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McDonald’s and TGI Fridays staff demand £10 an hour minimum wage

Hospitality workers, couriers and drivers joined a noisy protest as part of a day of action in disputes over pay and working conditions.

Staff from several branches of McDonald's and TGI Fridays restaurants, as well as two Wetherspoon pubs in Brighton, some Uber Eats and Deliveroo couriers and Uber drivers, took industrial action.

A rally was held in Leicester Square, London, where the workers chanted their demands for a minimum wage of £10 an hour and union recognition.

TUC general-secretary Frances O'Grady and shadow chancellor John McDonnell addressed the rally, offering support from the Labour and trade union movement.

Mr McDonnell said Labour MPs had been urged to join picket lines, adding: "Our message to exploitative employers is that we are coming for you."

TGI Fridays worker Lauren Townsend said a change in tips policy earlier this year was costing waiting staff hundreds of pounds a month.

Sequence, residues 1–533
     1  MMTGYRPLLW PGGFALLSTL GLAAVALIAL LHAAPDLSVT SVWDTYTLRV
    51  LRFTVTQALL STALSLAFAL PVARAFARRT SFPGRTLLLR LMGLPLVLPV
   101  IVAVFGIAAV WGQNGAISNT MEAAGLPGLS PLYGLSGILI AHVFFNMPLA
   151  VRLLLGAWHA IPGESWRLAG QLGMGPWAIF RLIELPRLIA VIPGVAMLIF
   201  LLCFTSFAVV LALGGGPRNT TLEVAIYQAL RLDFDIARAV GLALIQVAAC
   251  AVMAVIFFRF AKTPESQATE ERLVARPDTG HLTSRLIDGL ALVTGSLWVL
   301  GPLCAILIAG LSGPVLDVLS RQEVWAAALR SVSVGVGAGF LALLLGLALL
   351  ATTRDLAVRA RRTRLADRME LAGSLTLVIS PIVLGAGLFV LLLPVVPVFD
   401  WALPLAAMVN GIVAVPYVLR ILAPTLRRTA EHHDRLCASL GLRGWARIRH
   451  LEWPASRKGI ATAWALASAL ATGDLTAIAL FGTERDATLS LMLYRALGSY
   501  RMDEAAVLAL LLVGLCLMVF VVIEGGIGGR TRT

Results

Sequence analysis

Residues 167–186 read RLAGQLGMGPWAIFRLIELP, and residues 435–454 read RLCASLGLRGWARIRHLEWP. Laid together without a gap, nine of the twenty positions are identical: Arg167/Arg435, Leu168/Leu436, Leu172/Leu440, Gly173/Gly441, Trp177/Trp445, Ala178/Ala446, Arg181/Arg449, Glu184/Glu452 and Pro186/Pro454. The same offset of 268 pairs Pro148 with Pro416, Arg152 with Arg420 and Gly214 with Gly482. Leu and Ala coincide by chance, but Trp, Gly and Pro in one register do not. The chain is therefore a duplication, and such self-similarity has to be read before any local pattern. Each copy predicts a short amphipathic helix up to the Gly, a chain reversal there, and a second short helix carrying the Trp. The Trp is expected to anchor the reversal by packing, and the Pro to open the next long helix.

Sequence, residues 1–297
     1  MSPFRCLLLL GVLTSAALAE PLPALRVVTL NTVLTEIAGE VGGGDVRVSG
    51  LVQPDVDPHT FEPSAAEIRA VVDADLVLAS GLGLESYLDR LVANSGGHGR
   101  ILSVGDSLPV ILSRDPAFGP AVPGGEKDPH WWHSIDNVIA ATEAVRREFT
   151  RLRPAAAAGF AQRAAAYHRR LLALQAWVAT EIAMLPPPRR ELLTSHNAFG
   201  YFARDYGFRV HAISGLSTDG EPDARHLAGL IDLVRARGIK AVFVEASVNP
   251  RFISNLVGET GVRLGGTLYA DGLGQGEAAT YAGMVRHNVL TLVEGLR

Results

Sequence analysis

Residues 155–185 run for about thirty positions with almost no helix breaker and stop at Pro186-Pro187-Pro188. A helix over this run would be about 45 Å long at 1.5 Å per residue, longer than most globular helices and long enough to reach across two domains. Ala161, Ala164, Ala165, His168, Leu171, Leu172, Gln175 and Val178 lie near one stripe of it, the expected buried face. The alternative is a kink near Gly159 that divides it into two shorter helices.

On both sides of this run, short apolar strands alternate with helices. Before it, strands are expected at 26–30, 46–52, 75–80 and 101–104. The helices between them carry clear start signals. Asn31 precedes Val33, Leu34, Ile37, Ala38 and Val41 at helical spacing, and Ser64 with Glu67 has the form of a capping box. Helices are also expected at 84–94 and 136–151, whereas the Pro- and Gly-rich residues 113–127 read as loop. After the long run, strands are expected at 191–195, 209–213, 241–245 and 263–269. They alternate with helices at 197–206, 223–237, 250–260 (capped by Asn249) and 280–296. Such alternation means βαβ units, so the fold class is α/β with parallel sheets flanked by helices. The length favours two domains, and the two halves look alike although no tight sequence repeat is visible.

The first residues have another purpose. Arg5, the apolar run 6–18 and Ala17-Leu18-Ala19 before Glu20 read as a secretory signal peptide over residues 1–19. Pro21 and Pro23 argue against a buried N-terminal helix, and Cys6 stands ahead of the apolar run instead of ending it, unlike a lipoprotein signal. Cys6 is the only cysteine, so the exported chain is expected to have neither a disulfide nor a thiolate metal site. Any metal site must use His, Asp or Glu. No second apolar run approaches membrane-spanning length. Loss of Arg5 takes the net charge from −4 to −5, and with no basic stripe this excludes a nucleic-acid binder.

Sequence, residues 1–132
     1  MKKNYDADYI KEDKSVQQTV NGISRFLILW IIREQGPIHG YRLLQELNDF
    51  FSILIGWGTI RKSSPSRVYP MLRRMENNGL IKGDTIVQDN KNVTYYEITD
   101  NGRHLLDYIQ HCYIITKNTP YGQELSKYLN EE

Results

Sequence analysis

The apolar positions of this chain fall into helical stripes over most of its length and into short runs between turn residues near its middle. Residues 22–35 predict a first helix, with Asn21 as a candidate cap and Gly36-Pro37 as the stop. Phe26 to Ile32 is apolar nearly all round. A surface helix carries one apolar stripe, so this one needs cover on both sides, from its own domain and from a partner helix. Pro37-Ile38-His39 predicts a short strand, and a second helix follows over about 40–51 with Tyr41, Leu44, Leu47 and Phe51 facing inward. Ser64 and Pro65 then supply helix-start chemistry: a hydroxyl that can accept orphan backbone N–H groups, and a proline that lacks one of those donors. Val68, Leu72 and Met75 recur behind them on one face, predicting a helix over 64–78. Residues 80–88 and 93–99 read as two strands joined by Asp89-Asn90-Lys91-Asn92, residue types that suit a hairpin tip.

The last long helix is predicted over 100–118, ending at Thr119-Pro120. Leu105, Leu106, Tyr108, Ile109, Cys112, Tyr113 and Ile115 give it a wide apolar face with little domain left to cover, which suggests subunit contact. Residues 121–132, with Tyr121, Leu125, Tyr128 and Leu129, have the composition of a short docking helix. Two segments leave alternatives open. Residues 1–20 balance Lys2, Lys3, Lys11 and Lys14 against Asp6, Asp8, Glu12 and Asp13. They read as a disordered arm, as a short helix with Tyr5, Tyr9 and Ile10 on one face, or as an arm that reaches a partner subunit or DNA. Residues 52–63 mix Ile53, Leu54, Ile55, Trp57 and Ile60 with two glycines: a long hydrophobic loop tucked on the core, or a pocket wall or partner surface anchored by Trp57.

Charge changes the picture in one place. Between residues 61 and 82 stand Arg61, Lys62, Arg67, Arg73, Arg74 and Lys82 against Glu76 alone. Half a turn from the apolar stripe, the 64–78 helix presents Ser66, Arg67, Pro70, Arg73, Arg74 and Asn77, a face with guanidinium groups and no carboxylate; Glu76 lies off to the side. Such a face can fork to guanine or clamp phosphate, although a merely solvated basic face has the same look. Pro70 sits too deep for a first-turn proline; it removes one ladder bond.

Protesters demonstrating about disputes over pay and union recognition. Dominic Lipinski/PA Wire

Protesters demonstrating about disputes over pay and union recognition. Dominic Lipinski/PA Wire

"The company decided to reallocate 40% of tips to kitchen staff - taking from one set of low-paid workers to give to another."

Action has also taken place in cities including Brighton, Bristol, Cardiff, Glasgow, Newcastle, Plymouth and Southampton.

The day of action has been organised by War on Want, Unite and the Bakers, Food and Allied Workers Union.

Unite members at TGI Fridays restaurants in Milton Keynes and two in London will stage their eighth walkout since the tips row started.

Unite national officer Rhys McCarthy said hospitality workers were "finding their voice", adding: "These workers have had enough of low pay and insecure work.

"They are leading a growing movement against low pay and insecure work in the hospitality sector and across the gig economy."

The McDonald's, TGI Fridays and Wetherspoons workers are demanding better working conditions across the hospitality sector, pay of £10 an hour and an end to "precarious" contracts.

Ms O'Grady said the protest showed workers were prepared to fight back over poor pay and conditions

"Workers are not asking for the moon - they just want a fair wage and guaranteed hours," she said.

Scores of workers took part in the rally, joined by officials from unions in France and the United States representing hospitality staff involved in similar disputes.

They later stood outside a TGI Fridays restaurant in Leicester Square chanting their demands.